KQ 1: Women of childbearing age (postmenarchal and premenopausal; women with the potential for or planning childbearing)
KQ 2: Women of childbearing age (postmenarchal and premenopausal; women with the potential for or planning childbearing); fetus, neonate, or child from index pregnancy
|KQ 1: Prepubertal girls; men; women without the potential for childbearing (e.g., women who are postmenopausal or have genetic uterine or ovarian abnormalities)|
KQs 1a, 1b, 2a: Placebo or no treatment; dietary supplementation only; supplementation with prenatal vitamins without folic acid; iron supplements without folic acid
KQs 1b, 1c, 2b: All of the above plus folic acid supplementation of varying dosages
KQs 1a, 1b, 2a: Lower or higher dose of folic acid supplementation; folic acid vs. other active comparators
KQs 1c, 2b: Folic acid vs. other active comparators (e.g., multivitamins)
Neonatal outcomes: Neural tube defects
Harms from treatment:
|Benefits not specified in inclusion criteria|
KQs 1a, 1b: Supplementation initiated before index pregnancy or in the first trimester
KQs 1c, 2a, 2b: All timing
KQs 1a, 1b: Supplementation initiated after the first trimester of pregnancy
KQs 1c, 2a, 2b: No restrictions
|Settings||Developed countries categorized as “Very High” on the Human Development Index (as defined by the United Nations Development Programme)||Countries not categorized as “Very High” on the Human Development Index|
Efficacy (KQ 1): Randomized, controlled trials; controlled clinical trials; cohort or case-control studies
Harms (KQ 2): Randomized, controlled trials; controlled clinical trials; or observational studies (case-control, cohort, registry data)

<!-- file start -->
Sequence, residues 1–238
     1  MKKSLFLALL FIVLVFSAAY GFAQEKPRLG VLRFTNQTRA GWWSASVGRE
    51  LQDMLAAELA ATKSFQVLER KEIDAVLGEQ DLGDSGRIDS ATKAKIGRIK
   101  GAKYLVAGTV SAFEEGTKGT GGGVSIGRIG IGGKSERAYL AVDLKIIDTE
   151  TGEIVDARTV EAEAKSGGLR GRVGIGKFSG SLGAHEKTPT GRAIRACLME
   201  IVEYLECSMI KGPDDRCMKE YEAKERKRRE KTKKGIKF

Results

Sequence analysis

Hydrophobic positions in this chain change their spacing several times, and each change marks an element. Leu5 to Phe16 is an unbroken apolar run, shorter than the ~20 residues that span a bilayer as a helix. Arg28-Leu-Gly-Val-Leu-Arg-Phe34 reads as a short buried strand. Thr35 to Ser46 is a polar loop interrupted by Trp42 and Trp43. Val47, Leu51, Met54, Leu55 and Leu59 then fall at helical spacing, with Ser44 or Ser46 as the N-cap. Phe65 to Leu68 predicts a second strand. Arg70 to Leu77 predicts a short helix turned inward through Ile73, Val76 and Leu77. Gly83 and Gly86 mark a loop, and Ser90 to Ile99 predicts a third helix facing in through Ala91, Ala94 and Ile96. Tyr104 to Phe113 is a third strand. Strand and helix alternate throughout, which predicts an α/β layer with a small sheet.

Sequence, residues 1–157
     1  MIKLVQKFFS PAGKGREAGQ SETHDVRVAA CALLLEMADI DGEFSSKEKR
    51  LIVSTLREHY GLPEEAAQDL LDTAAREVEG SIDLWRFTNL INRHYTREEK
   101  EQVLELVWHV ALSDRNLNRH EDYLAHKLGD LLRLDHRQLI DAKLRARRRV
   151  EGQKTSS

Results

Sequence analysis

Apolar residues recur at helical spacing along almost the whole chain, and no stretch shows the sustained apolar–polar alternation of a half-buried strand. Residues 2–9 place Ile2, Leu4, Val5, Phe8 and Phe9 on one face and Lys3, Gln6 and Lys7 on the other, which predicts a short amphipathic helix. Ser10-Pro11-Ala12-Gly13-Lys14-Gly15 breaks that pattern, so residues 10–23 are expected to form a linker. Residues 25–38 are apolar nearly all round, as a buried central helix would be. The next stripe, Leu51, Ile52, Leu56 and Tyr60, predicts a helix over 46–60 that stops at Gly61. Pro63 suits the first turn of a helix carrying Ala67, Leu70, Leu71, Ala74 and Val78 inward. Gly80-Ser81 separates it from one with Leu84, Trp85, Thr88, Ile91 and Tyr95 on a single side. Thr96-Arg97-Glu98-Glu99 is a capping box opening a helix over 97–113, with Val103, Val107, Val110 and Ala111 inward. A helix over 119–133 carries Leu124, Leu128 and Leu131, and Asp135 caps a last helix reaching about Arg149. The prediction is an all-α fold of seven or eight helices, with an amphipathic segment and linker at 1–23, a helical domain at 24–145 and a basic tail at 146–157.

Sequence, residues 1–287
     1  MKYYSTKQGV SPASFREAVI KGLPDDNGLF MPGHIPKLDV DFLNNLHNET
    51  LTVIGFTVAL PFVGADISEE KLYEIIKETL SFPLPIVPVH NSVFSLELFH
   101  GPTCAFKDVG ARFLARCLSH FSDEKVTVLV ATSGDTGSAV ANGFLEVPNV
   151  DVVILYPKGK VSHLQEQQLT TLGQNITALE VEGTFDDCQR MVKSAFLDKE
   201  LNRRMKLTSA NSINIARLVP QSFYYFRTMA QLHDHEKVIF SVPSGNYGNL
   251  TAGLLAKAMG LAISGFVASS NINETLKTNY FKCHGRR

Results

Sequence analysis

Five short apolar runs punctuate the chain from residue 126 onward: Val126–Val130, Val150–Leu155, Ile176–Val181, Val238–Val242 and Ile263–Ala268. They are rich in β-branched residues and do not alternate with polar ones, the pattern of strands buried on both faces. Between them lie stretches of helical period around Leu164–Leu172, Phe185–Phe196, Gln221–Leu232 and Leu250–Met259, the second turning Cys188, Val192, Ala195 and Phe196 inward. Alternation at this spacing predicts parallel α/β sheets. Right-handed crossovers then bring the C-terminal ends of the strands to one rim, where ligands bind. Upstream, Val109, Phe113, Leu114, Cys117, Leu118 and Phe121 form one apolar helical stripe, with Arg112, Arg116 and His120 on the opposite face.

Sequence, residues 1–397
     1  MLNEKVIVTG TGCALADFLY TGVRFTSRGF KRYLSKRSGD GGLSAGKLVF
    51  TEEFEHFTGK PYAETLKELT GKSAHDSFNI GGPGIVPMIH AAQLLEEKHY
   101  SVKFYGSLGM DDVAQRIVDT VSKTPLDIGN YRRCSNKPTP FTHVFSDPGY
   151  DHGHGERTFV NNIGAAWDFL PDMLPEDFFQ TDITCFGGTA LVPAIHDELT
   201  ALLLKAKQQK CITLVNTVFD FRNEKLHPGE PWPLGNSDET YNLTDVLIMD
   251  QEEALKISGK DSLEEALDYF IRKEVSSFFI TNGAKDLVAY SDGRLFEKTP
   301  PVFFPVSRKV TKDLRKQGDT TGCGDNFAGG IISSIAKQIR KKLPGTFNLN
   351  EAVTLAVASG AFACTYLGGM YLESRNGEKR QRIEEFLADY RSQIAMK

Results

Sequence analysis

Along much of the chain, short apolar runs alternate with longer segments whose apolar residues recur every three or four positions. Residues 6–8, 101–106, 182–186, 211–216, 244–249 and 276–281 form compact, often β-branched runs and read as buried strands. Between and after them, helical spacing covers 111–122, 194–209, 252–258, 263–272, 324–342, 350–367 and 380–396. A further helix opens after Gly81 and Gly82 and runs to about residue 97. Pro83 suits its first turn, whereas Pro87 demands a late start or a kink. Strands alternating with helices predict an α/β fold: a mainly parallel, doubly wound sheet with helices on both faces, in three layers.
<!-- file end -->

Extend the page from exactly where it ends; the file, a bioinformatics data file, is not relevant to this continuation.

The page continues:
|Commentaries, editorials, case reports|
|Sample size||More than 50 participants||50 participants or less|
|Quality||Good and fair quality||Poor quality|
The draft Research Plan was posted for public comment on the U.S. Preventive Services Task Force (USPSTF) Web site from July 10 to August 6, 2014. The USPSTF received several comments requesting clarification on the inclusion and exclusion criteria and key questions related to populations, interventions, timing, and outcomes. The Research Plan was revised in response to these comments. The USPSTF revised the inclusion and exclusion criteria to include 5-methyltetrahydrofolate (the metabolically active form of folic acid) and expanded the eligible study designs for assessing harms. The USPSTF also made the following clarifications: various sources of folic acid and natural folate intake are included in the contextual questions; the outcomes include B12 status; assessed harms are specific to women exposed to folic acid supplementation during their reproductive years and children from the index pregnancy following folic acid intake; the key questions relate to the first occurrence of neural tube defects; and periconceptional timing refers only to key questions 1a and 1b.